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Mech Dev. 2001 Feb;100(2):291-301.

The Drosophila homolog of human AF10/AF17 leukemia fusion genes (Dalf) encodes a zinc finger/leucine zipper nuclear protein required in the nervous system for maintaining EVE expression and normal growth.

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1
Institute of Molecular and Cell Biology, 30 Medical Drive, 117609, Singapore.

Abstract

Sibling neurons in the embryonic central nervous system (CNS) of Drosophila can adopt distinct states as judged by gene expression and axon projection. In the NB4-2 lineage, two even-skipped (eve)-expressing sibling neuronal cells, RP2 and RP2sib, are formed in each hemineuromere. Throughout embryogenesis, only RP2, but not RP2sib, maintains eve expression. In this report, we describe a P-element induced mutation that alters the expression pattern of EVE in RP2 motoneurons in the Drosophila embryonic CNS. The mutation was mapped to a Drosophila homolog of human AF10/AF17 leukemia fusion genes (alf), and therefore named Dalf. Like its human counterparts, Dalf encodes a zinc finger/leucine zipper nuclear protein that is widely expressed in embryonic and larval tissues including neurons and glia. In Dalf mutant embryos, the RP2 motoneuron no longer maintains EVE expression. The effect of the Dalf mutation on EVE expression is RP2-specific and does not affect other characteristics of the RP2 motoneuron. In addition to the embryonic phenotype, Dalf mutant larvae are retarded in their growth and this defect can be rescued by the ectopic expression of a Dalf transgene under the control of a neuronal GAL4 driver. This indicates a requirement for Dalf function in the nervous system for maintaining gene expression and the facilitation of normal growth.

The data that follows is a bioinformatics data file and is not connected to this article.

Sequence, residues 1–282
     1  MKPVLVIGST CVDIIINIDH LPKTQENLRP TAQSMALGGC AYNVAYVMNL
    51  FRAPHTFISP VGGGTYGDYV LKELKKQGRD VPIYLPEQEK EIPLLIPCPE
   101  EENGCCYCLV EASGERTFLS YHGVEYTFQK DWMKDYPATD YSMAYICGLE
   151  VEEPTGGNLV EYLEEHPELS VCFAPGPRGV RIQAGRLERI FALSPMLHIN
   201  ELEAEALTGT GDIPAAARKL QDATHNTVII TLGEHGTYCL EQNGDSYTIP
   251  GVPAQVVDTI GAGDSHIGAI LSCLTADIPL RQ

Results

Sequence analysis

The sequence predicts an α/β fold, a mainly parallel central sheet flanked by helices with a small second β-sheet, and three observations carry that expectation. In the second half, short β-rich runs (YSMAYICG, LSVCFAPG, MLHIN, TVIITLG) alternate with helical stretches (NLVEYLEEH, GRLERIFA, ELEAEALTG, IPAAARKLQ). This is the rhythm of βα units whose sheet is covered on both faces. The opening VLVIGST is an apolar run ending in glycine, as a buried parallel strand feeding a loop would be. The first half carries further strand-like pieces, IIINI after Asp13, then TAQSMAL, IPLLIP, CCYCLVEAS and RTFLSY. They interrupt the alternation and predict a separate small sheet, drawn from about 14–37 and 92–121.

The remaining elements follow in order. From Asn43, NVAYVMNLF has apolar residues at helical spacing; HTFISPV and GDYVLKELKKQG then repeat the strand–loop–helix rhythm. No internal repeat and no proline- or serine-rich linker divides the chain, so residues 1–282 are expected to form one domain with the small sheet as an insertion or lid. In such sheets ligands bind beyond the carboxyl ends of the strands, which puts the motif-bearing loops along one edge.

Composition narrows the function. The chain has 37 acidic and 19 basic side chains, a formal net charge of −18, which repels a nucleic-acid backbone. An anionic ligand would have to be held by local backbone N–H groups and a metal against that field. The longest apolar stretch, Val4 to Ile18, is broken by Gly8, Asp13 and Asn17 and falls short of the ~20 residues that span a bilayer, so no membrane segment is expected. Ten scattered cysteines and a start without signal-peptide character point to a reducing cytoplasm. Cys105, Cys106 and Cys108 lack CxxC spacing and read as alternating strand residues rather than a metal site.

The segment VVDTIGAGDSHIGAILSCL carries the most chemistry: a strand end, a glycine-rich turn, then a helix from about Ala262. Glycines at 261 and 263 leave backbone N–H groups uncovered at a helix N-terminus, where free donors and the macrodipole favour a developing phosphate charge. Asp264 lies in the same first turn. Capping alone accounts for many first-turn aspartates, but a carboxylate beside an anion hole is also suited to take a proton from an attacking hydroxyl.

PMID:
11165485
[Indexed for MEDLINE]
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